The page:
Tuesday, April 7, 2015



Washington, D.C. (JFK+50) Sixty-one years ago today, April 7, 1954, President Dwight D. Eisenhower said, at a news conference at the White House, that the impending fall of French Indo-China to the communists could be called a "'falling domino' principle" in relation to Southeast Asia.

The President was responding to the following question put to him by Mr. Robert Richards of the Copley Press...

"Mr. President, would you mind commenting on the strategic importance of Indochina for the free world?"

President Eisenhower responded...

"You have broader considerations that might follow what you would call the 'falling domino' principle. You have a row of dominoes set up, you knock over the first one, and what will happen to the last one is the certainty that it will go over very quickly. So you could have a beginning of a disintegration that would have the most profound influences."

According to, Mr. Eisenhower's statement led to the incorrect conclusion among many that he was the first to use the term "Falling Domino Theory."

Ike referred to it as the falling domino principle, which, according to the referenced website, had been previously discussed by President Harry S Truman's undersecretary of State Dean Acheson in 1947 in reference to the threatened communist takeover of Greece and Turkey.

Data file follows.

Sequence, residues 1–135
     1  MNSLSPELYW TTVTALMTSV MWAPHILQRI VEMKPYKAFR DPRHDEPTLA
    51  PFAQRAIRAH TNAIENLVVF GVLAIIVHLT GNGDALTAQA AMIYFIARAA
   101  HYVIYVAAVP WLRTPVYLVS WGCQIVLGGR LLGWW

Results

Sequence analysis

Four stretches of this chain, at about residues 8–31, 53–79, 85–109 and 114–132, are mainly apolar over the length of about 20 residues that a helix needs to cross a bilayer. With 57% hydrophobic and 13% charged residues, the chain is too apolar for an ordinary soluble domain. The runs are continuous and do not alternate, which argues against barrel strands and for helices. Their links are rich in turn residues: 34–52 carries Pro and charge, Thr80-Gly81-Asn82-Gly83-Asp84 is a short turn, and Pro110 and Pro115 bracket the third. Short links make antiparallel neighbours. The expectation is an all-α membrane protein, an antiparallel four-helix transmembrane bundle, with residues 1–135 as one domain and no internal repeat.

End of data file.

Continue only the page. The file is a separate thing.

The website argues that some reporters were responsible for giving President Eisenhower the credit for the first use of  what would become one of the most well-known phrases of the Cold War, the Falling Domino Theory.

A month following Ike's press conference, the French lost the Battle of Dien Bien Phu and North Vietnam was created as a communist state while South Vietnam remained free.  

Both of Ike's successors, Presidents John F. Kennedy and Lyndon B. Johnson, agreed with his assessment and used it to justify increases in American military involvement in the region.


Our first post on this topic of April 7, 2011 is the 3rd most popular post on JFK+50 with 23,562 hits as of today.  Obviously, the Falling Domino Theory is of much interest more than sixty years later.


"The origins of the 'falling domino principle,' and 'The Domino Effect,'" April 7, 2014,

This Day in History, April 7,

The "Falling Domino" Theory